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title: 'The Falls City tribune. (Falls City, Neb.) 1904-191?, April 24, 1908, Image 1',
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THE FALLS CITY TRIBUNE.
Vol. V FALLS CITY , NEBRASKA , FRIDAY , APRIL 2.1 , 1908. Number
to Clean Up.
To the People of Palls City :
As Ma3'or of the city of Pails
City I request that on Tuesday ,
April 28 , each and every one of
you lay aside your ordinary cares
and labor , and direct your atten
tion to the cleaning up of your
yards , alleys and vacant lots. *
Much has already been done
along1 these lines , but there is
much left to be done. Let us all
make a united effort on this day ,
to be known as " clean-uo day , "
and see how clean we can make
the city. I know you are all ready
and willing to join the crusade.
All that is necessary is to give up
just a little of your time. The
city will have its entire force out
on that day and gladly assist in
everj * way possible to make this
a grand success. This action is
absolutely necessary to protect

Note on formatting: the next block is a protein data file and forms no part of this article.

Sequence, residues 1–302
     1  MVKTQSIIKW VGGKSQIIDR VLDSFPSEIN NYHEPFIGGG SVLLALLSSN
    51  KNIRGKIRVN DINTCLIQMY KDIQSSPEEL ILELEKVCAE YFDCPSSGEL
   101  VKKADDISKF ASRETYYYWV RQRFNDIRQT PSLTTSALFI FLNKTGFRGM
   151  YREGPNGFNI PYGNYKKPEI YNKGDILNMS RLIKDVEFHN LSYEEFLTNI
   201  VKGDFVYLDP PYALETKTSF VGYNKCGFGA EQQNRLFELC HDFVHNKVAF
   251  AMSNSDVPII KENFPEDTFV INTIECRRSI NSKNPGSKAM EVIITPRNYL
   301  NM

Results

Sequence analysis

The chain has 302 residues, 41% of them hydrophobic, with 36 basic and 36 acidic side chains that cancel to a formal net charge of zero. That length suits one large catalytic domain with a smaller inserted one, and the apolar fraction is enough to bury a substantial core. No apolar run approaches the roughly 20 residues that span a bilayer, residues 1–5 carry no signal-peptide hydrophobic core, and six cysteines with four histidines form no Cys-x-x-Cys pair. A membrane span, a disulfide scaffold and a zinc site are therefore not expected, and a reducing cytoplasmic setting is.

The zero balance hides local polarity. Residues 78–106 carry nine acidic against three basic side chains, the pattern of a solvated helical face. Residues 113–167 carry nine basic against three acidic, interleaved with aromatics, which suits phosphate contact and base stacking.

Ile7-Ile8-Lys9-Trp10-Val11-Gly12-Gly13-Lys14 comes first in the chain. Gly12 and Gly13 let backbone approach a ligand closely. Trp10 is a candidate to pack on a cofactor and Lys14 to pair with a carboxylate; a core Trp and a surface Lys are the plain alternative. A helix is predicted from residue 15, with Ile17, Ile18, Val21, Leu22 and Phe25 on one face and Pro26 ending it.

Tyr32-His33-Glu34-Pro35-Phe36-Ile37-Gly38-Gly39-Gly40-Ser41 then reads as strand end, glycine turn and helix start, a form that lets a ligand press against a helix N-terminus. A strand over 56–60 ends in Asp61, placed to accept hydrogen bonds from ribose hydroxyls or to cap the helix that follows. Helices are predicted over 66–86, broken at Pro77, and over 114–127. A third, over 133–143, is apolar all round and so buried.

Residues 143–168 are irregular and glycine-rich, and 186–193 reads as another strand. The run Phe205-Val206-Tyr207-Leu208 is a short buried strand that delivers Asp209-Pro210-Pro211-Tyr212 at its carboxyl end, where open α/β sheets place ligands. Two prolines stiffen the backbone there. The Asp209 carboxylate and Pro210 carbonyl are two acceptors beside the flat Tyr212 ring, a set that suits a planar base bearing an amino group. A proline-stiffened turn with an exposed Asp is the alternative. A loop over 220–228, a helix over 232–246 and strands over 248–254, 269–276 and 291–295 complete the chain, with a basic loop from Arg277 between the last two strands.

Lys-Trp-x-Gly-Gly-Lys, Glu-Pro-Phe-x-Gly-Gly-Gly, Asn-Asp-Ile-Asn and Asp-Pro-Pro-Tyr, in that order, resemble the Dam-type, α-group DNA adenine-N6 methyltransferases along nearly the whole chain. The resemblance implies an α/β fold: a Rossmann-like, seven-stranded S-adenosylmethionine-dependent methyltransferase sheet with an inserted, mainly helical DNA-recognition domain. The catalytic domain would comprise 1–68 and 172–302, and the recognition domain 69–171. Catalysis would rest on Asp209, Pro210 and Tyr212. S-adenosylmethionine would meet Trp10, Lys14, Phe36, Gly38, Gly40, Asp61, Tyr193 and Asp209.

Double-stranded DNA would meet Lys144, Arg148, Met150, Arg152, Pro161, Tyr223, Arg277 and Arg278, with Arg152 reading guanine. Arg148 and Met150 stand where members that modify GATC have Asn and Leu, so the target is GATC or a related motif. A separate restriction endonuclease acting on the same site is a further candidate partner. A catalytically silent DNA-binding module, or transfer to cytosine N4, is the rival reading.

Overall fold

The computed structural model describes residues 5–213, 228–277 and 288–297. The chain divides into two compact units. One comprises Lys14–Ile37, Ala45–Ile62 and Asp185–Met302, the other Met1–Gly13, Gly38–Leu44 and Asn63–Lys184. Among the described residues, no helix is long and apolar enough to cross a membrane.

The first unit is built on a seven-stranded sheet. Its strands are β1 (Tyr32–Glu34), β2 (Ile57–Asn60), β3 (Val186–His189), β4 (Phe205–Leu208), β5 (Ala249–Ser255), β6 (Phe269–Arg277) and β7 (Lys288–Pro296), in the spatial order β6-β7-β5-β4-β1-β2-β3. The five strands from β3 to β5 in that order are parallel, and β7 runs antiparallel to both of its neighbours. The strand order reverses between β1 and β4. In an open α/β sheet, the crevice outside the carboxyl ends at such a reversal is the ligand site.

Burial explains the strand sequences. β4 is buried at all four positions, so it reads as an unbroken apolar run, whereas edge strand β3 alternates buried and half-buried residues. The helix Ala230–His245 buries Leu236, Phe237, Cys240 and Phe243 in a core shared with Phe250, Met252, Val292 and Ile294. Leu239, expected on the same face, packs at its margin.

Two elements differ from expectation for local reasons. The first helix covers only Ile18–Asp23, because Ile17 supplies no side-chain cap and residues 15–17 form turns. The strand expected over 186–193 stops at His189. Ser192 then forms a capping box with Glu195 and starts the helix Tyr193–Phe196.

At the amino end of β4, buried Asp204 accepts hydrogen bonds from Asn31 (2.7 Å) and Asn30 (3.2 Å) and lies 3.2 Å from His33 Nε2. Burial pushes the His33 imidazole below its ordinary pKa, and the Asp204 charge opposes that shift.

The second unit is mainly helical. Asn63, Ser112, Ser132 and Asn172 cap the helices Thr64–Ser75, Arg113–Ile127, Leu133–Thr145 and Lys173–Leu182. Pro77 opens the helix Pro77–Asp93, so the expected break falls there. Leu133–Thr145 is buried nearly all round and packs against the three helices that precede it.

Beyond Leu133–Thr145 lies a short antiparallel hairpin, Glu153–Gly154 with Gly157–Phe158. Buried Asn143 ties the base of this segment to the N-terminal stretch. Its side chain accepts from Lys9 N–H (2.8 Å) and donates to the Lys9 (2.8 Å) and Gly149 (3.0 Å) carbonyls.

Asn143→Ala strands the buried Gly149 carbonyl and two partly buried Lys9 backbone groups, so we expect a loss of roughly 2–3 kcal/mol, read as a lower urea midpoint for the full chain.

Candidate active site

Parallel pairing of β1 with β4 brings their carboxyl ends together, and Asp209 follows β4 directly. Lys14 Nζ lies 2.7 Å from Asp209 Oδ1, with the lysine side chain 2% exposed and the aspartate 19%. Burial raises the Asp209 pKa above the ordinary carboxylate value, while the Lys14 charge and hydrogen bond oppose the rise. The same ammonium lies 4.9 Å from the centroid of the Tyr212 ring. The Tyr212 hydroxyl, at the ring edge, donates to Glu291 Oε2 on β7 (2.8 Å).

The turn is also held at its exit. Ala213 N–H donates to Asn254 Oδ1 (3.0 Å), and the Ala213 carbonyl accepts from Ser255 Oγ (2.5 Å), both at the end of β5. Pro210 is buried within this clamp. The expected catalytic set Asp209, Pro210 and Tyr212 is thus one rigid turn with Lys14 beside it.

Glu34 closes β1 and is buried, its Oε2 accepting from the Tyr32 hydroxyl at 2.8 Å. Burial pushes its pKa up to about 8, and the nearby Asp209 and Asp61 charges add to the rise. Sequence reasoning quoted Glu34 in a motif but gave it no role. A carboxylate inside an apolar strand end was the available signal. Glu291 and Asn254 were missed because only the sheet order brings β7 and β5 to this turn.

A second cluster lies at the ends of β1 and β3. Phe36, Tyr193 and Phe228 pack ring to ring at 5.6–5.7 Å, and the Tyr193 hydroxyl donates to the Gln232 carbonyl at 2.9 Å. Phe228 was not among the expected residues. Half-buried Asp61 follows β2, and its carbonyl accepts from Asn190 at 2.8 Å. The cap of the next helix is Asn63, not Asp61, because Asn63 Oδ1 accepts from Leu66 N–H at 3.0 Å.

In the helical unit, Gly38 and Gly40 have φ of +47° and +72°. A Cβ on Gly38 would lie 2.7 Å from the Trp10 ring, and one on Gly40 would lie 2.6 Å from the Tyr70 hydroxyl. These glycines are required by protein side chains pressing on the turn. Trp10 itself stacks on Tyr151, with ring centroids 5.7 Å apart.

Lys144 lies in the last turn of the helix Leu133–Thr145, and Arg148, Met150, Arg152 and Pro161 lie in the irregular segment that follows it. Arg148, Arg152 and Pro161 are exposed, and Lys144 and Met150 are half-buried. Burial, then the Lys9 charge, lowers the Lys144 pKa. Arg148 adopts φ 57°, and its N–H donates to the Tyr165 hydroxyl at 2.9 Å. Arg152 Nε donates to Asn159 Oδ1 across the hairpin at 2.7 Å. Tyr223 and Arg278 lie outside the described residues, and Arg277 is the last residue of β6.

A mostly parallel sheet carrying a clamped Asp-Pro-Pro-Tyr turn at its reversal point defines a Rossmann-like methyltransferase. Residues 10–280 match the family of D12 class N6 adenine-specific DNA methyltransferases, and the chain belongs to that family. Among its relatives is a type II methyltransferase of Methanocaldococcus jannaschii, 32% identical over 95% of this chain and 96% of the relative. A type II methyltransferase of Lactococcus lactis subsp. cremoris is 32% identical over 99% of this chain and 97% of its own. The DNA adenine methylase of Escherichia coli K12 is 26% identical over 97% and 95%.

the health of the community.
G. M. BAKKKTT ,
Let all get busy. Mayor.
Is It Wise ?
At a meeting of the city coun
cil last week ) in discussing the
water question , it was decided to
ask permission of the county board
to erect a supply tank , or standpipe -
pipe , which we understand is the
same thing , on a corner of the
court'house ' square. The county
board passed a resolution grant
ing the request , provided the city
would furnish the jail and court
house free water during the life
of the lease.
Now we question the advisa
bility ot this. Our public square
is not a thing of beauty as it is
and the addition of this uiibight-
ly tank would not add to its ap
pearance. It seems to us a loca
tion could be found which would
answer the purpose just as well
without having it on the most
public corner in our city. Things
are just now shaping themselves
so as to enable us to do away
with the outbuildings in the
court house yard. Why burden
ourselves with this new C3re.-sore ?
Pride is a commendable trait and
we hope it will come to the rescue
when this question comes up for
The Odd Fellows.
On next Monday evening the
local lodge will observe the 90th
anniversary of American Odd
Fellowship at their hall. All
Odd Fellows , Rebekahs , their
families and widows of deceased
Odd Fellows are invited to be
present. The exercises will com
mence at 8 o'clock in the evening.
Her Name Was Alaude !
While attending to'his duties
on the farm northwest of this
city last Friday , Herman Eeachy
was working around one of their
mules when the animal resented